English singer Dua Lipa sparked outrage recently by sharing an anti-Israel and anti-IDF post to her 46 million followers on Instagram. The post blamed Israel for creating Hamas and said in part, “The big bad tough guys of the #IDF thoroughly enjoy beating and shooting children.” Following a backlash, the 2-time Grammy winner deleted the post.
Nonetheless, a petition organized by Im Tirtzu (‘If you will it’ in Hebrew), an Israeli Zionist non-governmental organization was signed by almost 6,000 Israelis and sent to Defense Minister Benny Gantz and Culture Minister Hili Tropper, calling on them to instruct Army Radio to stop playing songs by the pop star.
The original post was by Vinar Fuso, a self-described filmmaker, who has mostly production assistant credits. Although the post did not explicitly call for a boycott of the Jewish homeland, it was clearly anti-Zionist and ripe with antisemitic dog whistles. Israel-basher, Fuso also subsequently took down his post.
I am not a big fan of cultural boycotts, and instead, support an outreach to Ms. Lipa educating her on the subject. However, there is an ethical distinction between boycotting an artist because you do not like his or her politics (which is the case here) versus boycotting an artist because you do not like his or her country’s politics (which is the case in the BDS campaign against Israel).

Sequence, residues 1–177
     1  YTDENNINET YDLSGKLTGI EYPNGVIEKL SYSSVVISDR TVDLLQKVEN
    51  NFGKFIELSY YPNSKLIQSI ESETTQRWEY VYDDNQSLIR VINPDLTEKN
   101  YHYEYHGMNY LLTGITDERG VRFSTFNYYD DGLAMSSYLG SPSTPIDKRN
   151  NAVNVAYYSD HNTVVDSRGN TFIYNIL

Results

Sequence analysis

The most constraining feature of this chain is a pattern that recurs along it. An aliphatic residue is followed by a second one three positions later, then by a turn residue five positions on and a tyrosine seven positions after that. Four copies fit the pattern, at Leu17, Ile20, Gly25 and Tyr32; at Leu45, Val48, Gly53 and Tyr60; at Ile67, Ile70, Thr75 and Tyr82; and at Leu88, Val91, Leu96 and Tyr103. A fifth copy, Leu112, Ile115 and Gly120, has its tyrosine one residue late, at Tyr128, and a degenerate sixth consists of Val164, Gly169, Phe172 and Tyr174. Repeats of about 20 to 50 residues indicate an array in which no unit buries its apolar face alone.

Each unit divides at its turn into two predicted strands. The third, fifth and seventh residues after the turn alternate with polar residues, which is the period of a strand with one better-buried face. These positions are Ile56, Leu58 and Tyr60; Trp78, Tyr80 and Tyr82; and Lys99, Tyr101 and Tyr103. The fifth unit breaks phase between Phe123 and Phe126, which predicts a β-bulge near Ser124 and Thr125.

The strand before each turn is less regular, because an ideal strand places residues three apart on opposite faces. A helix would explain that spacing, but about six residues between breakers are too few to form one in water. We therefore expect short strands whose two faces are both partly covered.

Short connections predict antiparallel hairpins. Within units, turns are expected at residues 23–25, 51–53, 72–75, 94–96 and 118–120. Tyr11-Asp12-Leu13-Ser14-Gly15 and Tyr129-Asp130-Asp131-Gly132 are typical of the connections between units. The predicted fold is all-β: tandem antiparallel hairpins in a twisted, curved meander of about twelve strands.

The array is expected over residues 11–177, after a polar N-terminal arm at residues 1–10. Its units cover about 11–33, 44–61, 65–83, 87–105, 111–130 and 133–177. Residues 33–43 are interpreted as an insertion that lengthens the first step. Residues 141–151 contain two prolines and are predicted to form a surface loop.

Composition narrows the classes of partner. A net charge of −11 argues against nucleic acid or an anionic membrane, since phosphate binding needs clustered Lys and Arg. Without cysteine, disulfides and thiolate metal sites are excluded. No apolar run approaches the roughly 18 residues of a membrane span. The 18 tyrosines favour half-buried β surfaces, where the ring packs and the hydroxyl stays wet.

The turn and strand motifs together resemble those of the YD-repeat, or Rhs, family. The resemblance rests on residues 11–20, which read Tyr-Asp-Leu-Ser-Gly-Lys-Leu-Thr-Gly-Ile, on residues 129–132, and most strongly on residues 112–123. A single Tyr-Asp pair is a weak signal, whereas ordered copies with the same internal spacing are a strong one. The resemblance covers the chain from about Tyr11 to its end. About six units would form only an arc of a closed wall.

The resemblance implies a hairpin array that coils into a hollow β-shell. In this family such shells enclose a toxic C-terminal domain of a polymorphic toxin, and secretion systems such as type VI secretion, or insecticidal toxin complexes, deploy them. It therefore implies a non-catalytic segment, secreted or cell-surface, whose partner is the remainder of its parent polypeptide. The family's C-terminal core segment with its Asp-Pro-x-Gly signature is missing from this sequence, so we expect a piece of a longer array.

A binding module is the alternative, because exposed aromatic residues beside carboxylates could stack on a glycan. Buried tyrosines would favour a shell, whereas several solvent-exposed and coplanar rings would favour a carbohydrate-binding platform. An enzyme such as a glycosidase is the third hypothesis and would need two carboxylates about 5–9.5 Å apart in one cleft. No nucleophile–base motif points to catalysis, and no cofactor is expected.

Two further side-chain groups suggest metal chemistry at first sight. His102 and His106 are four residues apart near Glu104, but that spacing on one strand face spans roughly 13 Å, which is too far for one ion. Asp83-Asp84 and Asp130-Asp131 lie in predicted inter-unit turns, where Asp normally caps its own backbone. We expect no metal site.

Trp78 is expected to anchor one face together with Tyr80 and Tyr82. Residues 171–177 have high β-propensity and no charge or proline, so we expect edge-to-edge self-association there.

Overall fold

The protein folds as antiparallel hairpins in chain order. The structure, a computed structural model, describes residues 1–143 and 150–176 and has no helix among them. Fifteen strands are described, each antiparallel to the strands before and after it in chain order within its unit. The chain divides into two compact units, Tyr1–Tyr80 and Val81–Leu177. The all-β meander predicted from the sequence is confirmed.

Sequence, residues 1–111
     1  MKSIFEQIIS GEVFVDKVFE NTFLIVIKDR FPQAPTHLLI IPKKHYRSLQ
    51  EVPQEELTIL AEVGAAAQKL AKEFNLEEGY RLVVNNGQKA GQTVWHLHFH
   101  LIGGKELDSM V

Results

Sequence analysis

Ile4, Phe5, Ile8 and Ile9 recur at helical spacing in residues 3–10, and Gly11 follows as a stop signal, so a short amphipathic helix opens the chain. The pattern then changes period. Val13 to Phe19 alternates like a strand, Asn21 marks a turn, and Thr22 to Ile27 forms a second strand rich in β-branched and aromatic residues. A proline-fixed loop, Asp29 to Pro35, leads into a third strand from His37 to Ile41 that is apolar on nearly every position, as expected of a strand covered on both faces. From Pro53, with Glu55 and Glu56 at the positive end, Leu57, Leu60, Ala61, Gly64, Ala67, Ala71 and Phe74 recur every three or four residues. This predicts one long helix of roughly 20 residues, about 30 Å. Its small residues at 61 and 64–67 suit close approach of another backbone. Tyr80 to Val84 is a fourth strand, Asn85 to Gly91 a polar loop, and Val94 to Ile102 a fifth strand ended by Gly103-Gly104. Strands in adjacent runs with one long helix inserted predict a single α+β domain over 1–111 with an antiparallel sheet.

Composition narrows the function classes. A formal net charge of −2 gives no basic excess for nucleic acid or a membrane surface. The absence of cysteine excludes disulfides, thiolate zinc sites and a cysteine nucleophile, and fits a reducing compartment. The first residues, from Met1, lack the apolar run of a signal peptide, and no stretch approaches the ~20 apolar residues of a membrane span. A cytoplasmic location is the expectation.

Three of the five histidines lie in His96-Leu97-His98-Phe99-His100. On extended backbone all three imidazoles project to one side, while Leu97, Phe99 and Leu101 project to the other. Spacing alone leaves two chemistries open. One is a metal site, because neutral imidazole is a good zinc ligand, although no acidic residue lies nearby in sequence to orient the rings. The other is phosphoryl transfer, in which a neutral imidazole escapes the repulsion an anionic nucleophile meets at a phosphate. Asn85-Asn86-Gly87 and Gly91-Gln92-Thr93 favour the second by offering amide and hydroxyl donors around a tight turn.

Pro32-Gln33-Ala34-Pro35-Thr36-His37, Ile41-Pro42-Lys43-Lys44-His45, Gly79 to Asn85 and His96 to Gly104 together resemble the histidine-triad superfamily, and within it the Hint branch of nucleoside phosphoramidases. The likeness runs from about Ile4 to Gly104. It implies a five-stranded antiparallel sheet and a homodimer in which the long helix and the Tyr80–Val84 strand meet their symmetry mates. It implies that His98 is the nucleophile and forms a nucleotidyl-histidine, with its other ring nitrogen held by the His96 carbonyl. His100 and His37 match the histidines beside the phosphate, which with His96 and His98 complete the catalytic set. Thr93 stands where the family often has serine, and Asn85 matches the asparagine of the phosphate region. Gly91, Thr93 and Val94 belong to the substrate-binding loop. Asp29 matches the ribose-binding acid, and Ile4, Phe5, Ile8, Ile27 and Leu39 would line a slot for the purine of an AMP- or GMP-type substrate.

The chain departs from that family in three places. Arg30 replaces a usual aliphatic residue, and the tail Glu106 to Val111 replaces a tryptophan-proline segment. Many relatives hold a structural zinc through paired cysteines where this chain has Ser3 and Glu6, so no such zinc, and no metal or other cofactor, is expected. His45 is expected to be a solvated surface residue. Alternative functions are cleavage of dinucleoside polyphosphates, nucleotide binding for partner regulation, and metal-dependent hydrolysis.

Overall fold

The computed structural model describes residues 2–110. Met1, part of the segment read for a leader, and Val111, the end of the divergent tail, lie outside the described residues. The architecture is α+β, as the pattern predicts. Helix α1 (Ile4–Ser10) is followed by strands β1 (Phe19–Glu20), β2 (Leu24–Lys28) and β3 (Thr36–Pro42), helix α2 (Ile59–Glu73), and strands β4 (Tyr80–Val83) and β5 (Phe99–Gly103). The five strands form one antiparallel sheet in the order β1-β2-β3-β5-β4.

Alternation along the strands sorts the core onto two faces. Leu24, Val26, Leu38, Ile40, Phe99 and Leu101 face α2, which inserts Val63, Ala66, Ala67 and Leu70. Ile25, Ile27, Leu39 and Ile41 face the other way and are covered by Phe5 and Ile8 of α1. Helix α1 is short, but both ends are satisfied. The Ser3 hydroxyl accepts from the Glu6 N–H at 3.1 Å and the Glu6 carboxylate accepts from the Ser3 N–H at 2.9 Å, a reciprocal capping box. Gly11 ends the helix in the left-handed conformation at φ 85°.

Artists are responsible for their own actions and not responsible for the action of their governments, which, in some cases, they passionately denounce. If an artist chooses to be politically outspoken or active, he or she bears the natural consequences of his or her actions. If an artist decides to share an opinion that alienates a certain segment of the audience that is a choice he or she is making. Performing in a country is not, in and of itself, a political statement unless the artist chooses to make it so.
Army Radio said in response to the petition that it “does not boycott any artist. The songs are chosen at the discretion of the editors of each segment.”
Although Ms. Lipa and Mr. Fuso have disparaged Israel, over a hundred artists have raised their voices in support of the Jewish state and against BDS.
Lana Melman, CEO of Liberate Art Inc., is a leader in combating cultural boycotts against Israel. A 25-year veteran of the entertainment industry, Ms. Melman is a writer, speaker and Hollywood liaison connecting the international creative community with Israel.